General Discussion Triathlon Talk » Becoming a triathlete: Not as hard as it sounds Rss Feed  
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2019-03-27 8:06 AM

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Subject: Becoming a triathlete: Not as hard as it sounds
Perhaps you know someone who is a triathlete. Perhaps you have a favorite sport and want to try something else. Perhaps you have seen the sport on television and thought it would be cool to be able to do all those things. Perhaps you have your own reason for considering participating in a triathlon.

What ever the reason: You can do it. Yes, you can. You can be a triathlete.

Triathlons are a great way to exercise regularly, improve your physical condition, relieve stress and improve your mental state, build confidence in goal setting and achievement, and simply have fun.

Of course you know that the classic triathlon consists of three sporting events; swimming, bicycle riding, and running, in that order. There are many variations — duathlons, cross-country events (called "X-Terra"), and other multi-sport variations. All have been growing in popularity, but the classic triathlon has been booming in popularity. Folks of all ages, all background, and in all sorts of shapes show up, participate in, and complete triathlons. Assuming that you have no medical reasons for not participating in regular, strenuous exercise, so can you!

There are a few facets to getting started. You should consider you current condition. You will need to do each of the sports. You will need to decide what you want to achieve. You will need to spend the time building your capacity.

Let’s start by considering your current physical and mental condition. What kind of athlete are you? Do you have any old injuries that must be considered? Are you under a lot of stress now? Obviously, the kind of training you will do if you are an experienced long-distance runner will be different from the type you will do if you ran a bit a while ago, but stopped because of some pain. If you are under a lot of stress, regular exercise is beneficial, but be careful to not add more stress to your life. So the first word of advice is: "Train right for Your Type."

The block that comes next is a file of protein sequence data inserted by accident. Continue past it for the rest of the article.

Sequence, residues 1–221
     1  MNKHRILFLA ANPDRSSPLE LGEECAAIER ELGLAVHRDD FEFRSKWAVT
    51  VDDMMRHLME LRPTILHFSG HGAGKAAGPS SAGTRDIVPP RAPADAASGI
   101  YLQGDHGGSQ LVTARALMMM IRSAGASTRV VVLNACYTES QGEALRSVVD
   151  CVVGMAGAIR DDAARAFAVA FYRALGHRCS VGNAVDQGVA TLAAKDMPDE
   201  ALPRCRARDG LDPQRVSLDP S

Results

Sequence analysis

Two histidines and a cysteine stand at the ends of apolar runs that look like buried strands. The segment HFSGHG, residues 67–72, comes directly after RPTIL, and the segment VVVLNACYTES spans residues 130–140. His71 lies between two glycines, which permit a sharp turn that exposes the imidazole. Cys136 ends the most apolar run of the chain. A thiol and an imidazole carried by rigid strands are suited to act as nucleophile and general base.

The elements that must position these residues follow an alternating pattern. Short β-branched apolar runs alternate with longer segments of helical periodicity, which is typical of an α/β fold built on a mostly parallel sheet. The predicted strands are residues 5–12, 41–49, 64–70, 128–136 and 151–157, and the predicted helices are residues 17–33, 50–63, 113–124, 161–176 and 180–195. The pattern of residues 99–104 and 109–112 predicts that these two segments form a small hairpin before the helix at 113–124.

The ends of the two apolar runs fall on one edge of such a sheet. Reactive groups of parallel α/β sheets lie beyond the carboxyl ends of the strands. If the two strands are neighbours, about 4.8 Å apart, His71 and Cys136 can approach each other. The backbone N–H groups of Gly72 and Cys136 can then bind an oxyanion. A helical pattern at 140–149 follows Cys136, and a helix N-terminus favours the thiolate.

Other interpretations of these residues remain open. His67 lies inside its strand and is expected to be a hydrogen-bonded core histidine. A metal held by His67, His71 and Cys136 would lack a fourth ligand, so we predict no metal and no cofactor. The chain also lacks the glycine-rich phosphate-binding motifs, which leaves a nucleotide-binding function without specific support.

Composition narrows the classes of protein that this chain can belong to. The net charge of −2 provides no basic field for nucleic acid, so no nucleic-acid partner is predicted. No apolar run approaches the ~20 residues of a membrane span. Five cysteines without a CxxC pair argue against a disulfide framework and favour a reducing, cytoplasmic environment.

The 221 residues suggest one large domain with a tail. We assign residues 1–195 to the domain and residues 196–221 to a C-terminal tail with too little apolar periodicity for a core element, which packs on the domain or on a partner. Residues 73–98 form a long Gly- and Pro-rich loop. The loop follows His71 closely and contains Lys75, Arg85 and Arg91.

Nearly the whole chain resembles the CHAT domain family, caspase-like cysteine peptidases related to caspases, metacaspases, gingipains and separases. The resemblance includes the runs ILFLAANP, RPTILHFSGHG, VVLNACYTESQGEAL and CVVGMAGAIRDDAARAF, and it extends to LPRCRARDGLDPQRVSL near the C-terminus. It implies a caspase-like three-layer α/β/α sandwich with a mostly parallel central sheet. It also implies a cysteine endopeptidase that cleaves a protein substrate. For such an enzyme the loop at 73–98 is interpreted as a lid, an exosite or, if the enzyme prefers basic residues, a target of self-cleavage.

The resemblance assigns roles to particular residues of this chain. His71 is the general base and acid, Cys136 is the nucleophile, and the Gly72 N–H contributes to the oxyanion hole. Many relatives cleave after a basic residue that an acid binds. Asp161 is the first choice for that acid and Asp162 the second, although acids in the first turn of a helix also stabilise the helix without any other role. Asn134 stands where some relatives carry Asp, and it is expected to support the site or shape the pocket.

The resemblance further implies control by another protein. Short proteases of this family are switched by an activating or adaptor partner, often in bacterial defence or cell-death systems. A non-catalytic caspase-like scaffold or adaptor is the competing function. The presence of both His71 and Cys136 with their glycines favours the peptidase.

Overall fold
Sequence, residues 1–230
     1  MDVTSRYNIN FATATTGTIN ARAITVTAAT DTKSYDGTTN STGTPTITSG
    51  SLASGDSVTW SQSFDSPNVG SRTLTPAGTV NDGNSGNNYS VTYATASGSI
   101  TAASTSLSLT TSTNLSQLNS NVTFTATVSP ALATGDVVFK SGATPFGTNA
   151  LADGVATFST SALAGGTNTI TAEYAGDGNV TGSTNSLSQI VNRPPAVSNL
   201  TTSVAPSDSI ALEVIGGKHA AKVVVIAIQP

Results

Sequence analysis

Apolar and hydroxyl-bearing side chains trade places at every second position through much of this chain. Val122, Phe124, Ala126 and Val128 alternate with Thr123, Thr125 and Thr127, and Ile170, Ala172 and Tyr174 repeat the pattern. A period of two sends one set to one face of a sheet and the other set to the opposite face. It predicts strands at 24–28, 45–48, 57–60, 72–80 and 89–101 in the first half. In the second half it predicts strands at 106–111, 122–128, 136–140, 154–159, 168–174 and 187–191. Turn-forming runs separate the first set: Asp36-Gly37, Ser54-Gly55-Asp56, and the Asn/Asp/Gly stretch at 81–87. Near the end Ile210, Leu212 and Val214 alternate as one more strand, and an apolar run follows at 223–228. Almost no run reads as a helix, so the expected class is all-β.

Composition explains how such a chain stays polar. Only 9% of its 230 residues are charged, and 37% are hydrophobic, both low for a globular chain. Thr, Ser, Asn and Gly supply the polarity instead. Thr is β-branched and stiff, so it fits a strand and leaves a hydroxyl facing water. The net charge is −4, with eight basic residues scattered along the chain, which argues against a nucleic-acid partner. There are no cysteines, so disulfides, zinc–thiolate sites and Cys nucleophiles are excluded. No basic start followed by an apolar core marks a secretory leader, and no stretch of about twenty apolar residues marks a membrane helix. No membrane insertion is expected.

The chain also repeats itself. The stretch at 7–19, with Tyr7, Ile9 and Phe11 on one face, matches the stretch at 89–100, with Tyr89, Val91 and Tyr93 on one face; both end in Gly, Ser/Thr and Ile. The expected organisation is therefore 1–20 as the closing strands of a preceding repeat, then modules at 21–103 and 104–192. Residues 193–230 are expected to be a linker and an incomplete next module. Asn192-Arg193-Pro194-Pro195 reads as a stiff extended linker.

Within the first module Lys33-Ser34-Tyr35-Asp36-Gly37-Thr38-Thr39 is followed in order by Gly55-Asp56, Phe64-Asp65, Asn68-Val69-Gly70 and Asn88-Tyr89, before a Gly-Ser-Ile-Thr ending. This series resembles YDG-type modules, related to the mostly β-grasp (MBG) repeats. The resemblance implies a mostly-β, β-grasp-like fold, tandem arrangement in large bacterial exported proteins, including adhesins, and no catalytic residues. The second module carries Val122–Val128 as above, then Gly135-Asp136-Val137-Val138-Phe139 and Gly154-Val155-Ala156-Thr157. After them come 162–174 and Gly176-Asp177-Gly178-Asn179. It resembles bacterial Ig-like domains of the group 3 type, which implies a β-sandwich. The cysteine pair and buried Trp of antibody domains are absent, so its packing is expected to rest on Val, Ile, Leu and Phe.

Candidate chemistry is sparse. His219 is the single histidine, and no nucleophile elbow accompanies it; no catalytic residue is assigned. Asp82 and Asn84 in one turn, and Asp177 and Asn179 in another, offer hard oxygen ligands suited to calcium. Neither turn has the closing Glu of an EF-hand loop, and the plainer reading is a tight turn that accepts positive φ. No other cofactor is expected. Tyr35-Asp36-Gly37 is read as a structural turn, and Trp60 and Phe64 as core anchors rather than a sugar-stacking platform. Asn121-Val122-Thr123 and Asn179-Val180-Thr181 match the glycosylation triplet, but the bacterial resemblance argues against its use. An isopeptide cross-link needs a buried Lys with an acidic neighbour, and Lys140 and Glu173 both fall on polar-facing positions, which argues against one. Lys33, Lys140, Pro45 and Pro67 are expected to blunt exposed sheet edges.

Attending a class, working with a coach, and training with a group of people are the best ways to learn how to accomplish your goals in the most efficient manner. We’re not talking about trying to become the age-group champion, just getting you to achieve what you want to achieve. You will learn that each sport has a significant form component and a number of approaches for learning and improving that form. Good form is the first, best defense against injury (closely followed by stretching warm muscles after each workout).

Working with and talking to other triathletes will help you settle on your goals. Above all, you should focus on having fun and feeling good about what you’re doing. Stressing yourself with an aggressive training regime is not good for you, for your family, or for achieving your goals.

Another word of advice; commit to doing more than one race this season. Committing to a race is the best way to ensure that you get up and out on that rainy morning. Committing to more than one is a great strategy for enjoying each race. If you do only one race, you will inevitably be disappointed about some aspect of the race and will have no recourse to address that disappointment. If you have more than one race in your season, you will get something out of each race that will help you for the next one.

To train for a race, you should commit to regular training. Consider doing something each day for six days each week. Since the triathlon has three legs, you can easily consider a pattern of swim, ride, run, swim, ride, run, rest for each week. Your class, coach, partners or reading materials will help you with the specifics. Again, when you Train Right for Your Type, you will feel good about your training regime, the improvements you are making, and the progress towards you goals.

So let’s review:

1) You can do it!

2) Train Right for Your Type

3) Work with other people to learn the correct form, get advice, maintain motivation

4) Train regularly and conscientiously

5) Commit to more than one race so you don’t put all your eggs in one basket.

You will find that triathlons are great experiences. All the participants understand that you are all there to accomplish something challenging. It is not uncommon to hear cheers of support for all participants coming not only from the spectators, but also from other athletes. And nothing feels better than crossing that finish line with a great big grin, knowing that you did it!
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General Discussion Triathlon Talk » Becoming a triathlete: Not as hard as it sounds Rss Feed  
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